Bachmann wins Iowa straw poll. And that matters why?

"The most important, meaningless event in the political cycle."

After a troubled few weeks, Minnesota congresswoman Michelle Bachman has won the first big test ahead of the 2012 Republican primary contest, coming top of the Ames straw poll in Iowa. Given she only announced her decision to run two months ago, Bachmann appears to be the Republican candidate with momentum

Of the nearly 17,000 votes cast:

Michelle Bachmann took 4,823

Ron Paul took 4,671

Tim Pawlenty took 2,293

Rick Santorum took 1,657

Herman Cain took 1,456

Rick Perry took 718*

Mitt Romney took 567

Newt Gingrich took 385

Jon Huntsman took 69

Thaddeus McCotter took 35

(*Because he only announced his candidacy earlier the same day, Rick Perry wasn't officially on the ballot but still received 718 votes, more than Mitt Romney. In turn, the normally high-spending Romney chose to sit out this campaign. Ultimately, his camp will hope that Bachmann and Perry split the evangelical vote allowing their man to surge through the middle.)

But does any of this matter? After all, we are five months away from the primary season and some potential frontrunners have yet to announce their candidacy (Sarah Palin) or have only just done so (Perry).

Nate Silver over at New York Times Five Thirty Eight blog makes the case for Ames. He points out that on every occasion since this poll began in 1979, the candidate who came either first or second went on to win Iowa caucus the following year. He writes:

Two successes in particular stand out. In 1979, George H.W. Bush won Ames despite polling at just 1 percent in a Des Moines Register survey -- he went on to win the Iowa caucus. And in 2007 Mike Huckabee, in the low single digits in both state and national polls, finished second in the straw poll, the first tangible indicator of his upside in Iowa.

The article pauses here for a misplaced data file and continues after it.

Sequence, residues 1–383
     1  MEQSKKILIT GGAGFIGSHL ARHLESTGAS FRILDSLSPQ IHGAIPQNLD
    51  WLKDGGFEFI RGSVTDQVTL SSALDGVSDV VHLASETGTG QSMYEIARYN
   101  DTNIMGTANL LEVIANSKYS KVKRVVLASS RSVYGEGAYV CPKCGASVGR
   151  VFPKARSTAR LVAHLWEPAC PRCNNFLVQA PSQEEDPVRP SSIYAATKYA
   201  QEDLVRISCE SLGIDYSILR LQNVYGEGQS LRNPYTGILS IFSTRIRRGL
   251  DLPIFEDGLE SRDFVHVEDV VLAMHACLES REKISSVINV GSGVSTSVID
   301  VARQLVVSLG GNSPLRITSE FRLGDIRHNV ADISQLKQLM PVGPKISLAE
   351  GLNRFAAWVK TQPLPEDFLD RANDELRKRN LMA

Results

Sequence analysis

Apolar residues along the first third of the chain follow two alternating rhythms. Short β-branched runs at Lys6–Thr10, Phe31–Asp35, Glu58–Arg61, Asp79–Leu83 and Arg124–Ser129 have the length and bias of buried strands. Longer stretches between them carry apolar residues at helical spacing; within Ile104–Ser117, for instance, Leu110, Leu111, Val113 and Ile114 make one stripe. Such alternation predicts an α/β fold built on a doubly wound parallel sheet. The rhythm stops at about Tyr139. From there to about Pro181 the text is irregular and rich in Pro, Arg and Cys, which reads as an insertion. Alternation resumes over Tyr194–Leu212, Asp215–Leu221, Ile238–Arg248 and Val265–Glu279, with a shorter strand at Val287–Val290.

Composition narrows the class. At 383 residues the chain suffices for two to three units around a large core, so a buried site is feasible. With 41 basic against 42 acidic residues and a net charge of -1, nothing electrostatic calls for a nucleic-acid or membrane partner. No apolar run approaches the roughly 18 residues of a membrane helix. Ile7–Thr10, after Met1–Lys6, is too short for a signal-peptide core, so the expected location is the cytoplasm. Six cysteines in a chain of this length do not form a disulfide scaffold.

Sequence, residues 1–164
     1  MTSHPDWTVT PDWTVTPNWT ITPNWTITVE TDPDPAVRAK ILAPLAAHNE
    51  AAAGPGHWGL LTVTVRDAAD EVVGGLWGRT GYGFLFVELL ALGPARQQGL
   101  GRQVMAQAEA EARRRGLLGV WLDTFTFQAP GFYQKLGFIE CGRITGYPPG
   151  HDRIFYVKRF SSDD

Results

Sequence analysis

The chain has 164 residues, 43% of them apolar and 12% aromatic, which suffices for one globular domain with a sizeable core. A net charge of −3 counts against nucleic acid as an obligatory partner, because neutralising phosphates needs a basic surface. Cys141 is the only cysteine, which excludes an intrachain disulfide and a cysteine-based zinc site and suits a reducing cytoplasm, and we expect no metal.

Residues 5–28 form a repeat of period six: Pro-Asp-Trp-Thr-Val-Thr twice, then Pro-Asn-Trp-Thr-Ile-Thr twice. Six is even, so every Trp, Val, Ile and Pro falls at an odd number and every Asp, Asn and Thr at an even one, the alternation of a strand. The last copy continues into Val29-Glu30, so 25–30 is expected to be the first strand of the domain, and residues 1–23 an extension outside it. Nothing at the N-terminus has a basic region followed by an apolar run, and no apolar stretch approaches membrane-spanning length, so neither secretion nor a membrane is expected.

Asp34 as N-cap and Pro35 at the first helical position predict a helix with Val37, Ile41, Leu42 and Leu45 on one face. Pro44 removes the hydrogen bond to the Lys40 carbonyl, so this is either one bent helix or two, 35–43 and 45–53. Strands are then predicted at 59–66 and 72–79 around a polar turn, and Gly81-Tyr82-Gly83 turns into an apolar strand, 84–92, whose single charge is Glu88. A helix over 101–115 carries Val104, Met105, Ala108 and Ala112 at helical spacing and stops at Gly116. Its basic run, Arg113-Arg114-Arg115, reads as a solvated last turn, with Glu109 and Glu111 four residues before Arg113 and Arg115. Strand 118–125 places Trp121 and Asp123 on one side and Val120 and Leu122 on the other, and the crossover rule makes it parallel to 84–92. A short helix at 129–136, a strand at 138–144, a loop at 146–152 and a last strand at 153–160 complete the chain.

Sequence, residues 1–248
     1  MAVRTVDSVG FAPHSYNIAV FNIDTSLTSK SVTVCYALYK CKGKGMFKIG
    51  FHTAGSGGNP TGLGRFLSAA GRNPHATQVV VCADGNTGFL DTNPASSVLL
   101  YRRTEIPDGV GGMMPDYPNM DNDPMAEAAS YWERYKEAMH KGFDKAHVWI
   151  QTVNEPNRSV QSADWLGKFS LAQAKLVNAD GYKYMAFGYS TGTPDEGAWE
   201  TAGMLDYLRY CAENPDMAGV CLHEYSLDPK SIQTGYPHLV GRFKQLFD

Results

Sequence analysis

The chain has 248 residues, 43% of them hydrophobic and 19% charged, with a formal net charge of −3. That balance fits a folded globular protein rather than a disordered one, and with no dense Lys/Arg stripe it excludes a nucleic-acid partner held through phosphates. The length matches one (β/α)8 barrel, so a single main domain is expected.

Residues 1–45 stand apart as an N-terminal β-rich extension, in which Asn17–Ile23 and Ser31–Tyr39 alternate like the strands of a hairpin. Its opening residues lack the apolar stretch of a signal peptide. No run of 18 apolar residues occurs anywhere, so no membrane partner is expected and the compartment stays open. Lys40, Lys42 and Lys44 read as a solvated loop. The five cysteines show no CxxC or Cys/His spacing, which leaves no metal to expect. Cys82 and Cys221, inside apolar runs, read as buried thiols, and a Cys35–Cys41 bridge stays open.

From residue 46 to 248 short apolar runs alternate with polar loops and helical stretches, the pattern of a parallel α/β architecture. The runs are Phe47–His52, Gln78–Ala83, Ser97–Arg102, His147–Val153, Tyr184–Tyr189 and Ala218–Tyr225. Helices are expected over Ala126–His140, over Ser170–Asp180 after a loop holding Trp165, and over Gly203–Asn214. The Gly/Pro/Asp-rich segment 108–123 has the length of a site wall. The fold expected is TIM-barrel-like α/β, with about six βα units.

Huckabee himself, the former Arkansas governor, describes the Ames straw poll as "the most important, meaningless event in the political cycle. Meaningless because it doesn't mean you get delegates. Important because if you are not here, you are also not getting attention."

Silver, meanwhile, has attempted to create a predictive model, taking into account the Ames result and poll ratings:

 

Nevertheless, we should treat the Ames result with caution for a couple of reasons at least. Firstly, it is not foolproof. It got things badly wrong in 1995 (Phil Gramm tied with Bob Dole) and in 2007 (Sam Brownback and Tom Tancredo achieved third and fourth finishes but dropped out before the caucus itself).

Secondly, a victory in the real Iowa caucus doesn't guarantee party nomination. Although the picture has improved since the mid-1990s, between 1984 and 1996 none of the Iowa winners across the two main parties went on to win the nomination.

Incidentally, Romney was the 2007 Ames winner. And look what good that did him.

Jon Bernstein, former deputy editor of New Statesman, is a digital strategist and editor. He tweets @Jon_Bernstein. 

Photo: Getty